Sure, Urban Meyer’s spread offense with Tim Tebow has outscored every team this year, but the harsh reality is that opposing defenses have figured out how to slow this season's version of the Gator spread.
Review the offensive performance of the Gators over the last three years and you will find one key factor that separates the 2009 squad from the rest…
Opposition cornerbacks are no longer padding the flanks.
In the previous two seasons, Gator wideouts earned soft corner coverage off the line due in part to the frequent success of the 20-plus yard passing game. For the most part, opposing defenses chose to guard against the long ball even at the expense of containing sweeps and wide options.
This season, Gator opponents face a very limited long passing threat and their cornerbacks are now crowding the line—and are doing so with terribly effective results.
Here’s how tight corner coverage impacts Florida and what Meyer, Steve Addazio, and Tebow need to do to remove this threat and put the “Mighty” back into the Gator offense.
Corner Problem One:
First, tighter coverage puts the corners much closer to the line and this impacts how Gator sweeps and options develop.
The growing trend finds that Chris Rainey, Jeffrey Demps, and Tim Tebow are meeting the opposition sooner on sweeps resulting in an early cut up-field or more effort moving laterally.
It’s simple…if you want to get a corner to back off the line you must give him a reason to do so.
First, Meyer and his offensive coordinator Steve Addazio should call a simple deep burn route at least once a drive. Even if Tebow is instructed to overthrow the receiver, the impact this will have on the defense will be well worth the effort.
If anything, the Gators have to keep the defensive backfield honest. Who knows, Tebow may actually connect on a few of these then the defenses would have no choice but to play a bit safer.
Corner Problem Two:
Tight coverage of the Gator wideouts is wrecking the currently employed short passing game.
Tebow is not finding many early open targets and is often found waiting for plays to develop—sometimes with disastrous results.
The Gator wideouts are attempting to execute designed routes that rely on speed and moves to create openings downfield. Meyer is executing a passing attack based on talent alone and the results have not been positive.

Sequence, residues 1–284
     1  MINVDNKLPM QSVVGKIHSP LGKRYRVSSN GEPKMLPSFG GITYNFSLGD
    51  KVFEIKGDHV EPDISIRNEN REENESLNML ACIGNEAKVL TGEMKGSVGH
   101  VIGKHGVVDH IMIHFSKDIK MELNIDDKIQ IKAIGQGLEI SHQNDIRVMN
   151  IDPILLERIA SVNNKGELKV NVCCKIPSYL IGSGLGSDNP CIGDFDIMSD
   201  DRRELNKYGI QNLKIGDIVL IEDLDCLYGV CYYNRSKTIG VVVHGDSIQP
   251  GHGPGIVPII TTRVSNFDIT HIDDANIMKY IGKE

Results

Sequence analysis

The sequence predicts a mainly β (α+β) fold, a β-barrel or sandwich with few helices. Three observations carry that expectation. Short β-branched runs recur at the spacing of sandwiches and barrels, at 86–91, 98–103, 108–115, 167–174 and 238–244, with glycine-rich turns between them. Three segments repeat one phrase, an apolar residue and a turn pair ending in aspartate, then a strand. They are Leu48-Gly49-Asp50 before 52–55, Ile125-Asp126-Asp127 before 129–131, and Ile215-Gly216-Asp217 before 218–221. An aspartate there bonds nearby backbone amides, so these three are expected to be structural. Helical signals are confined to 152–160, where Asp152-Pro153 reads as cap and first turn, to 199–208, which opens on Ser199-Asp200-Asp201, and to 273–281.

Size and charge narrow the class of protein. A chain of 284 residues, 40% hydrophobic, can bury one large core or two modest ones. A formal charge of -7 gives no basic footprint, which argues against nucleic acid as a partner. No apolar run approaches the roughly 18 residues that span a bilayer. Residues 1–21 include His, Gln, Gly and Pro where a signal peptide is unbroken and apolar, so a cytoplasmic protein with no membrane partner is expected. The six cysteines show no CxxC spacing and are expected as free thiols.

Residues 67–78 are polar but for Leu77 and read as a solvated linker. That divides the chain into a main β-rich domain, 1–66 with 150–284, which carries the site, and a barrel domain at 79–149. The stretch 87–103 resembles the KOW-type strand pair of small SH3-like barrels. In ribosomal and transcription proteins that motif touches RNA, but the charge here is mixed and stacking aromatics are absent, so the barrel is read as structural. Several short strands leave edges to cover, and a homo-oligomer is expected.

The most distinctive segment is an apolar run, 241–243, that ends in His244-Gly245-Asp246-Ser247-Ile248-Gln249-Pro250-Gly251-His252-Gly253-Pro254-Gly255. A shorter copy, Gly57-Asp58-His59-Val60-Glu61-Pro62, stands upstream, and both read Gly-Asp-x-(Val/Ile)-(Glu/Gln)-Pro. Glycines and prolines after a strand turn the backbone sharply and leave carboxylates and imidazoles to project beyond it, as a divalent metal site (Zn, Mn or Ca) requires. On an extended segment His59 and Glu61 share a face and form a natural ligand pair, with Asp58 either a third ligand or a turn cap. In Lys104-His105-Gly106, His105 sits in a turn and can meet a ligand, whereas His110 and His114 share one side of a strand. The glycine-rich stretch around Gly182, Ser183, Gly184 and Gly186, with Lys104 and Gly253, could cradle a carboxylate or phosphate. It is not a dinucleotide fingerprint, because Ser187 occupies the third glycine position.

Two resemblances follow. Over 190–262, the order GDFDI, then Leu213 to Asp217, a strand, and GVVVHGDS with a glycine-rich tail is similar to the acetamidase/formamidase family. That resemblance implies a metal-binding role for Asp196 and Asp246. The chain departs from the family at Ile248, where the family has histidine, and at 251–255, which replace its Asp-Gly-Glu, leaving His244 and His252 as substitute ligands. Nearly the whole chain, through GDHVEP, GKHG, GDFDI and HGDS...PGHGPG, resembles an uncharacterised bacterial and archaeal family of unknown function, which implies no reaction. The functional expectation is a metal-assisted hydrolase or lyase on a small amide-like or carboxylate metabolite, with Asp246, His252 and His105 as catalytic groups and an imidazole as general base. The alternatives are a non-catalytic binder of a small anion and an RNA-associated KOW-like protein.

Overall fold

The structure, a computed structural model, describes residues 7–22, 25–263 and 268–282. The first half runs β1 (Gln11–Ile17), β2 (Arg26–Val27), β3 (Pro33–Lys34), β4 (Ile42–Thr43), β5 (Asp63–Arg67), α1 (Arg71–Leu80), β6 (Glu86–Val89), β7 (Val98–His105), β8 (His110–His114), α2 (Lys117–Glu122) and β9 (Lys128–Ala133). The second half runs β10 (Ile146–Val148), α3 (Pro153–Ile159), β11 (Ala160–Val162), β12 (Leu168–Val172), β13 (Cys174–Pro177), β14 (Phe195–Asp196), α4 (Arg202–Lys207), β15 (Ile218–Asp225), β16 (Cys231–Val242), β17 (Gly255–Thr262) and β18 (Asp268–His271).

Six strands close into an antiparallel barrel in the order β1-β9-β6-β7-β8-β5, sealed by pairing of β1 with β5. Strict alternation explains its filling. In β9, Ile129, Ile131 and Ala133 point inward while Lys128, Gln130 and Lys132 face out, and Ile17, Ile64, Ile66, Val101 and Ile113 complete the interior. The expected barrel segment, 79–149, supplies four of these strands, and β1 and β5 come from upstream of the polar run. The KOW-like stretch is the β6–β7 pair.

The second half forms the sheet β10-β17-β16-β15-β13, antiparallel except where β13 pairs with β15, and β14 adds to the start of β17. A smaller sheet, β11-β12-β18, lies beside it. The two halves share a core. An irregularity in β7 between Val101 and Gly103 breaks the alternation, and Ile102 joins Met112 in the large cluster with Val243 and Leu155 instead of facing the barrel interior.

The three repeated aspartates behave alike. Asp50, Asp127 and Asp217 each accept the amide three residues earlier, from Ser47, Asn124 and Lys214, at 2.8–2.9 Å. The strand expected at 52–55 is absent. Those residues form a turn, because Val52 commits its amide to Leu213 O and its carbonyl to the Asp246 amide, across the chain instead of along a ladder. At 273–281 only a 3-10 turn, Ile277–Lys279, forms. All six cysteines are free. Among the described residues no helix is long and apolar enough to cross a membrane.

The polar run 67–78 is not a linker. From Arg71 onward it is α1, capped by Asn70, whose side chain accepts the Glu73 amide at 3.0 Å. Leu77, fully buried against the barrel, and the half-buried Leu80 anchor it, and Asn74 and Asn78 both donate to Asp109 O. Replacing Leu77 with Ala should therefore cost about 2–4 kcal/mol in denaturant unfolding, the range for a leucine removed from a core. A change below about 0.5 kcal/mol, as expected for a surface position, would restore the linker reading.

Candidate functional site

Florida needs to embrace a different version of a short passing game.
The successful use of five-to-15 yard timing routes will generate much needed passing yardage and also help push the corners back as well. Play action speed slants would also give the Gator offense a boost and help corral the linebackers.
Nothing spells trouble for a sticky corner like a well timed down and out especially if the receiver is Riley Cooper and the pass is thrown a bit wide.
Timing routes penalize defenders that play too close or too aggressively. Meyer needs to make these passes and quick slants, a staple for the passing game.
Corner Problem Three:
Opposing safeties are having a much greater impact on the game now that the corners are bottling things up for the Gators.
In the past, safeties that faced the Gators had one job… stand deep, wait for the play to develop, then try to help stop it.
This year, they face no deep passing threat and are inching closer to the play zone. A review of statistics shows that safeties are assisting on tackles much closer to the line of scrimmage than ever before.
It also means that they feel confident enough to play risky. The Gators are seeing safeties breaking on passes sooner and covering runs as they develop in the backfield with little regard for the consequences of committing early.
The Gators have to use Brandon James more.
Deonte Thompson is back but he’s marked. Cooper is competent but doesn’t influence the defense with his presence. Put James into the mix and you have three speed threats that will result in a defense no longer willing to gamble on tight early coverage.
Seeing James line up in the wideout position, or in motion, also carries the threat of a run option. If he helps freeze the linebackers by his presence then pursuit on the flanks has been slowed.
Corner Problem Four:
Tight corner coverage is also contributing to making life miserable in, and out of, the pocket for Tebow.
When “dropping back” to pass, Tebow often finds that every one of his receivers is covered off the line. He cannot even check off and dump the ball short since the crowding makes any pass extremely vulnerable.
To make matters worse, Tebow’s reluctance to throw a ball away and his determination to find an open target make him an easy target once the traditional “five-plus-one” offensive line front gets overwhelmed.
Hurried tosses, running out of the pocket, poor throws off balance, interceptions, and fumbles ensue.
The solutions already mentioned above will do wonders to make the pocket a better place for Tebow but there is one other thing Meyer can do to immediately improve the situation…the use of a fullback.
Meyer has a few of them and they all know how to block AND power rush.
Sure, including a fullback in the lineup removes one element of speed from the play, but with as little progress the passing game is currently making this sacrifice is welcome.
The gig is up for the Gator offense on predictable passing plays. Opponents are blitzing more frequently and with practically every position available. Until the offense burns the corners back off the line Tebow could use an honor guard in the pocket.
If Gator opponents are squeezing the line with success every game it would be silly not to expect Georgia to do so with similar results. It should be obvious to Meyer that steps like these are needed not only to protect Tebow and get his offense more productive but to create some positive momentum for the home stretch of the season.